Watching Peter Hain on Question Time last night wriggling and spinning around the semantics of the debate on WMD conjured in my mind a mental picture of King Canute trying to hold the sea back. The fundamentals of PR centre on trust and belief in the virtue of a product. The painfully loyal Tony Toady shook his head and stabbed remarks at fellow panellists like an aged punch drunk boxer. He quoted the findings of Hutton and attempted to shift blame on the BBC. Stoke was not fooled and he could not find a single thread of support. .Hein clearly did not hear the jeers from the Stoke on Trent audience does this disability pass through all the cabinet. No matter how many communication people the government employ the natives are restless.
To quote the last Stuntwatch. On the Dyke resignation
�There is one critical point that emerges from this, and it is this: who is the public more inclined to believe? Journalists such as Jeremy Paxman and John Humphreys, or a Machiavellian government and its well-oiled publicity machine? Journalists often get a bad press, sometimes rightly so, but their levels of self-interest are far and away outstripped by those who determine government policy and presentation, and the public knows it. The public knows that the BBC slipped from its oft-quoted status as the gold standard of news journalism. The public also knows that in its determination to reclaim its status, it will redouble its efforts to act with integrity and propriety. Its trustworthiness will actually be enhanced, after all the sound and fury of current events have subsided.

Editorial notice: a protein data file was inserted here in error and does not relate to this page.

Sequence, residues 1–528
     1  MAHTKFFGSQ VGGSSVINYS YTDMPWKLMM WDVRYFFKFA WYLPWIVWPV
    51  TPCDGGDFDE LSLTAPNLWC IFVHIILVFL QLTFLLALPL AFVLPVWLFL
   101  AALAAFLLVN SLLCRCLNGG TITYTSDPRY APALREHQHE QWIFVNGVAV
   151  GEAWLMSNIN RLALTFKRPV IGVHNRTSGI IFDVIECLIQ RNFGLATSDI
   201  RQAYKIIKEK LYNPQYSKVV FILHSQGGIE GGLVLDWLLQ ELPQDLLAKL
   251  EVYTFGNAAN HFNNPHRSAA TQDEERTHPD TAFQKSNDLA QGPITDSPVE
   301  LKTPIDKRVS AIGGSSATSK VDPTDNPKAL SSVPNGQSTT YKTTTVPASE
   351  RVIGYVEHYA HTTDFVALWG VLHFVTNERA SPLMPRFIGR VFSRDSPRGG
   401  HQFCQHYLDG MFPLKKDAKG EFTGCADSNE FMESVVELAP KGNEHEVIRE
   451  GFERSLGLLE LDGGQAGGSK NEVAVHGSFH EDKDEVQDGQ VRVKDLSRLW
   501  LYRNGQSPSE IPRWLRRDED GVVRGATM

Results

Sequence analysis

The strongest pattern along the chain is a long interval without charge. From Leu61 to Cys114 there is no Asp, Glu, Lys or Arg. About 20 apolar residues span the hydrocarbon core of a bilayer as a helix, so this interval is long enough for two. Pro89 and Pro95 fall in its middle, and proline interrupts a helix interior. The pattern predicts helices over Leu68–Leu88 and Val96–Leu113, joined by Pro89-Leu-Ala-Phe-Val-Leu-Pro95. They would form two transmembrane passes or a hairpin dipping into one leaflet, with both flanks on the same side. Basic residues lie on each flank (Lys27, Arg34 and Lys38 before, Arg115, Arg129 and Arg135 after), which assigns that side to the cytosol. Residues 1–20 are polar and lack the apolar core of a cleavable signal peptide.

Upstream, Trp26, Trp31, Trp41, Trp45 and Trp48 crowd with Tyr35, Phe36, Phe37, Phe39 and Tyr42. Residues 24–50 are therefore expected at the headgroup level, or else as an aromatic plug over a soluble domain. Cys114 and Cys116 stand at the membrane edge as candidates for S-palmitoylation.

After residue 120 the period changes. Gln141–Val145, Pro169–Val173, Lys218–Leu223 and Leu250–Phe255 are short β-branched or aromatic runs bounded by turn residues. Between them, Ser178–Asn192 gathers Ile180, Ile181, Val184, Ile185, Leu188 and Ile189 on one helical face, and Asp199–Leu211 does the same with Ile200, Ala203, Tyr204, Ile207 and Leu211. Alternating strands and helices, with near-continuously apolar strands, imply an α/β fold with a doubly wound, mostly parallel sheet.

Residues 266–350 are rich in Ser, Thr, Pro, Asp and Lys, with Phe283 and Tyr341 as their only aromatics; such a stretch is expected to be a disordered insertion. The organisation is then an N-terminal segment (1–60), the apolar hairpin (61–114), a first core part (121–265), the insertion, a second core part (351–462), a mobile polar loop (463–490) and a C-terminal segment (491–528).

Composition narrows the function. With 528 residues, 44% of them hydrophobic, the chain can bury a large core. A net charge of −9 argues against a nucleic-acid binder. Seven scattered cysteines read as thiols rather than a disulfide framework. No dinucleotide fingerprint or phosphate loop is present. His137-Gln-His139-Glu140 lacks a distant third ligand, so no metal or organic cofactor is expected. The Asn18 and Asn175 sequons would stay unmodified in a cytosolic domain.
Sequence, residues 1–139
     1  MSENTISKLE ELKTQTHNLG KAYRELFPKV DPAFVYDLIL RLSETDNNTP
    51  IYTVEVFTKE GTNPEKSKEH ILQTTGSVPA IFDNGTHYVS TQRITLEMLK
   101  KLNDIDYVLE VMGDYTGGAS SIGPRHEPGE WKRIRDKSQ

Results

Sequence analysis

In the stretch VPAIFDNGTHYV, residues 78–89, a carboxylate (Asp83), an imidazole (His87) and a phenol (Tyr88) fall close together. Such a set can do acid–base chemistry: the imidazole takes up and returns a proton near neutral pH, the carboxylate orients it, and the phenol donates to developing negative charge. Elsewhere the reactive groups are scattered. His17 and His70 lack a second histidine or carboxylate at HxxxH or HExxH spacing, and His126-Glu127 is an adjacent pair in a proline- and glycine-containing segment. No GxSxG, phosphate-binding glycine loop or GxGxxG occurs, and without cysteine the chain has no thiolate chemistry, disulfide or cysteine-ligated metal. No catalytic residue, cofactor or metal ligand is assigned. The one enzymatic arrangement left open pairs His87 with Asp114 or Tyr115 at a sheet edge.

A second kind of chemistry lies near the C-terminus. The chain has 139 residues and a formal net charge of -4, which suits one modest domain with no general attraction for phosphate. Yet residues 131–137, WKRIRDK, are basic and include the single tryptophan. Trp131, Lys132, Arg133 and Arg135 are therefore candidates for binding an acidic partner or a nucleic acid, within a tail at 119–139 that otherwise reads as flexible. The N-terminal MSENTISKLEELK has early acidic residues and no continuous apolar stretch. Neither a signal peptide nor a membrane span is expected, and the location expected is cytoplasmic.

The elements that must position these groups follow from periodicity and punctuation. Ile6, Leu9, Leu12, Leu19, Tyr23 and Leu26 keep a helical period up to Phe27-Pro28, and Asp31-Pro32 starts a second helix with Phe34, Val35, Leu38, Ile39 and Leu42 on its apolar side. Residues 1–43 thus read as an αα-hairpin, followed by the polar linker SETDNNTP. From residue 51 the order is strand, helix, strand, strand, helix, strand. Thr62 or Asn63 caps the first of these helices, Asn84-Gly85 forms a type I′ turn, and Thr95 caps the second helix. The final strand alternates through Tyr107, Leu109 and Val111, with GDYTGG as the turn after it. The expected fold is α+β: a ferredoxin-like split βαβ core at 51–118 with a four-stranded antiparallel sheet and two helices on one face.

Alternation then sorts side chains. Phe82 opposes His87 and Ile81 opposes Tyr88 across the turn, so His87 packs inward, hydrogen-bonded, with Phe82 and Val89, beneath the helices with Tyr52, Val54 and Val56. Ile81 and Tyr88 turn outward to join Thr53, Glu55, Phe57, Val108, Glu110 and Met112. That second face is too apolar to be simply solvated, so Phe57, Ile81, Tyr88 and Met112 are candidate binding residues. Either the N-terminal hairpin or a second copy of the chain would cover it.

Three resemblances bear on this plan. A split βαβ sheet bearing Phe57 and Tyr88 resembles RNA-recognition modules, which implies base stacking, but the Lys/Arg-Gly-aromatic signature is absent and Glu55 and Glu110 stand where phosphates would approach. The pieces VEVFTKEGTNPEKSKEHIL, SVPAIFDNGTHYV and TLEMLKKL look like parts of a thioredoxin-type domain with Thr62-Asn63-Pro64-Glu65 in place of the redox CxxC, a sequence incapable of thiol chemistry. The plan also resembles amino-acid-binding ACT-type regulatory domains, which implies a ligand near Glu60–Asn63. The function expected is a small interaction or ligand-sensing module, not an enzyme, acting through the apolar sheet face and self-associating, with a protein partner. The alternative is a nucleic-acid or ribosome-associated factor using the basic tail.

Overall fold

But the government? It never changes. All governments are duplicitous � it�s the nature of the beast. In which case, I suppose, you could say that the conduct and conclusions of the Hutton enquiry reveal that this particular government is one of the finest examples of the species this country has ever bred.�
But one day for this heroic yet futile act of appalling PR expect to hear the title Lord Peter Hain of Trafalgar Square.